What to expect in a TEFL interview.

TEFLAt the moment, there are hordes of job advertisings for TEFL teachers in Chengdu. Because the new semester started in March, many public and private schools are desperately looking for English teachers. If you know what type of school you want to work for, full or part time, and where in China you want to work at, now is the time for applying for a job.

If you are not in China but hoping to get a job, as you probably know, many employers will have a Skype interview. First they will ask you to send them your degree cert, you’re CV or resume and other TEFL related things, like a TEFL cert. Most employers prefer people with a TEFL certificate, but you can easily get jobs without one. But it is an advantage.

Also, being a native speaker is another plus, but if you are a non-native but have good English then you’ll be fine. Although some employers specifically only want natives speakers… oh and to be more picky, they have this idealised teacher who is white, blonde hair and beautiful. This to them, and to other Chinese people, is the ‘perfect’ foreign teacher.

After that, they will contact you for a Skype interview. In the interview you will be asked about yourself, if you like children, about classroom management (how would you deal with a rowdy student), how you would teach a certain topic, how would you give a lesson, if you have experience teaching English phonics,if you have an idea about teaching English grammar, and if you have any prior teaching experience.

In my case with my recent job interview, they asked me if I taught phonics before. My answer was simply no. I told them that I didn’t teach it much with my students because A; I’m not sure of the phonics myself, and B; I didn’t actually know where to begin with teaching it. I told the truth, simply because if I did tell them and if they tested me then I wouldn’t have a clue! The employer wont think any less of you if you cant do something, because at the end of the day you can learn this stuff.

An important question is about classroom management. How to deal with difficult students. This is important, as if you can’t control a classroom then nothing is going to get done. I still struggle with this, but different things work with different students. Rafa has found out that bribing a student with 1 jiao ( a tiny amount of money) works with one of his students. Others have found bribing them with sweets, stickers and balloons. But the employer wants to know that you can be strict with the students.

Another point about tefl teaching is personality. I’ve met one guy and his personality was well, not exactly suited to teaching. He was shy, didn’t speak much, and was very introverted. Unsurprisingly he quit teaching after a few weeks. With teaching, you need to be active, energised, motivated and confident with the kids. If you can’t be these things, then teaching isn’t for you. The students will complain that the class is boring, thus the parents will complain that their child is bored in class. So, in the interview you have to portray yourself as being fun, you can play loads of games, like teaching children, but can also be strict in class.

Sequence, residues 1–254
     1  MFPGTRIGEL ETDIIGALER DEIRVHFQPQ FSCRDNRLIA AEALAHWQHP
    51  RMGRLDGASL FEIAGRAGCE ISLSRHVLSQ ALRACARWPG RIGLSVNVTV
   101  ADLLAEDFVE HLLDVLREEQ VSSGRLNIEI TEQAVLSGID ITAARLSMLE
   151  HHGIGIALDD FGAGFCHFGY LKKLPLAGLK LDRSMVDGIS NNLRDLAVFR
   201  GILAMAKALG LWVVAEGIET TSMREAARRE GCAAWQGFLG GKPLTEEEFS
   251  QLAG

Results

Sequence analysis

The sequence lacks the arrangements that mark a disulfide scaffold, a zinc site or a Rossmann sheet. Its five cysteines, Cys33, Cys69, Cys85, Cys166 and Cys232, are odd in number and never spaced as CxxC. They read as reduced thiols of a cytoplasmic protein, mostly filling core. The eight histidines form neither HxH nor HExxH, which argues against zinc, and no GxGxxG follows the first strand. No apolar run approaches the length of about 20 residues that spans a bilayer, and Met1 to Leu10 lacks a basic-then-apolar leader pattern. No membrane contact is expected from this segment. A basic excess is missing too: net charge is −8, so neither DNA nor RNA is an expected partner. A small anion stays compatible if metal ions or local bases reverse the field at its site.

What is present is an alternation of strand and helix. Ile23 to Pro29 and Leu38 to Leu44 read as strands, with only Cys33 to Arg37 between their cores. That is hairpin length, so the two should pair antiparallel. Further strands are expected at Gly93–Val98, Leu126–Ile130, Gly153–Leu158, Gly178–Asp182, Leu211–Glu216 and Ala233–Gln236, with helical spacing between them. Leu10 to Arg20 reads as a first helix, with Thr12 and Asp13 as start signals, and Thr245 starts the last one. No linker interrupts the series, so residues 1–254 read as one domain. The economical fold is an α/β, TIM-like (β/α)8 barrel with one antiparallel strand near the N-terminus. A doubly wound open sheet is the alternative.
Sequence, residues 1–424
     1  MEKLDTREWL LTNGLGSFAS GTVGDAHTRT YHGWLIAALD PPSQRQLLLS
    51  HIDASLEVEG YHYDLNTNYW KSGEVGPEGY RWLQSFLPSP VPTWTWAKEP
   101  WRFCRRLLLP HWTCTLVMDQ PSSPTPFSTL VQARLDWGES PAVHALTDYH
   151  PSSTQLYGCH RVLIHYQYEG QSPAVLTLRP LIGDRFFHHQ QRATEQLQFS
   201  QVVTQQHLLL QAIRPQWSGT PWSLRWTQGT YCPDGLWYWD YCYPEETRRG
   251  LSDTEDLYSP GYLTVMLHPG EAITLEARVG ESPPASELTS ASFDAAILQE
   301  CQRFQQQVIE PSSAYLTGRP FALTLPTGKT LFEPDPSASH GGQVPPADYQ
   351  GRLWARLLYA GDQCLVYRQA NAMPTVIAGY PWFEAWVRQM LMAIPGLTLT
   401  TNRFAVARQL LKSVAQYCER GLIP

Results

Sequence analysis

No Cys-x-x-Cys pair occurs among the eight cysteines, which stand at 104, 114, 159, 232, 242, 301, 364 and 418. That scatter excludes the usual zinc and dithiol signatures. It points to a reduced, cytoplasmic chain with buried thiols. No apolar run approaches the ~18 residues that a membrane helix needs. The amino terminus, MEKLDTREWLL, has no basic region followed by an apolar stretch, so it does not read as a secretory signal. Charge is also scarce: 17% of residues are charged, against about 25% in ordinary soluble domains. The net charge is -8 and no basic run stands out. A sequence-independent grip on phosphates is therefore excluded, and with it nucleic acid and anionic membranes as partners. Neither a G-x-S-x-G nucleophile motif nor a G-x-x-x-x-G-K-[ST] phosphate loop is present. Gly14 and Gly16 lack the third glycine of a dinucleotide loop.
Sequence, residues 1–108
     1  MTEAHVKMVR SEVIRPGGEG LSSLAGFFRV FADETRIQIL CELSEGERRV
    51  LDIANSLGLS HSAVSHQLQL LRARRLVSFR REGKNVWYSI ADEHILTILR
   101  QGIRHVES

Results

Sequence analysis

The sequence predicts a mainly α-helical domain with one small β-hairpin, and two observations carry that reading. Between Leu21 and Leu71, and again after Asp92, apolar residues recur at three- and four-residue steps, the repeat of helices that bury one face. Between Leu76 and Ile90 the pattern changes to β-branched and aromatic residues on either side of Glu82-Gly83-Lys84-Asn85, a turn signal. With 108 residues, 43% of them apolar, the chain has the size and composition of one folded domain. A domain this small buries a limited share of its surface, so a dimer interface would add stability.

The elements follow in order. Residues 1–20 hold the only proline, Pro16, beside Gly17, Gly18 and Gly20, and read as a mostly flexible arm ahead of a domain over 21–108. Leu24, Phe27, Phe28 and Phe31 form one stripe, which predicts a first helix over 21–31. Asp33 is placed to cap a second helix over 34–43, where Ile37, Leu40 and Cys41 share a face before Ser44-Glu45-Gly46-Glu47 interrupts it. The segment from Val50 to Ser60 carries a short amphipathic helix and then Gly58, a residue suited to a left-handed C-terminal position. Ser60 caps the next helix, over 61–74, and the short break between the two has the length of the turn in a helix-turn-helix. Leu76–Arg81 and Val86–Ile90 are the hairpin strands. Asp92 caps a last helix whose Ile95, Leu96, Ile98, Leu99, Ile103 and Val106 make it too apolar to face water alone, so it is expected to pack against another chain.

After the interview they will most likely set up a demo class for you. This is only if you’re already in China of course. Usually it’s just the employers in the classroom and yourself. With mine there were three people. They will give you the age of the students, maybe a topic you have to prepare for, and the duration of the demo. In my demo class, they gave me a book and I had a few minutes to prepare something short from a choice of two topics.

Each company may want you to focus on something that they specifically want; to focus on reading, writing, listening or speaking. Usually, because you are a foreigner they want you to practise listening and speaking. To me, this is easier to teach than reading and writing.

In the demo, they will be looking at your teaching style; if you prefer to move about with the kids or if you prefer to sit more with them. They’ll be looking at your personality, how you react with them, how you can manage the class. How you approach teaching a topic and what games you would play to help the kids with retention.

During it, they might throw some curveballs at you. in mine, we were playing a game and the lady said ‘I like apple’. After the game, I explained to her about plurals and gave examples. The man then asked me whats the difference between a flat and a house, so I had to explain in simple terms the difference and by drawing on the board. So they may do that to trick you.

Once it’s over, they might have a short discussion with you about your performance and what they liked and disliked.

Thats basically it. Because they’re so many foreign people in Chengdu, a lot of people will be looking for jobs. But because there are loads of students and schools needing teachers, there is still a good chance of getting job.

So in a nutshell, for a TEFL interview:

You need to be friendly, like working with children and active.

Preferably have TEFL experience already.

Know how to manage a classroom and students.

Have games that are entertaining for children.

Able to convey a point for students to understand clearly.

Can correct mistakes.

Good Luck!


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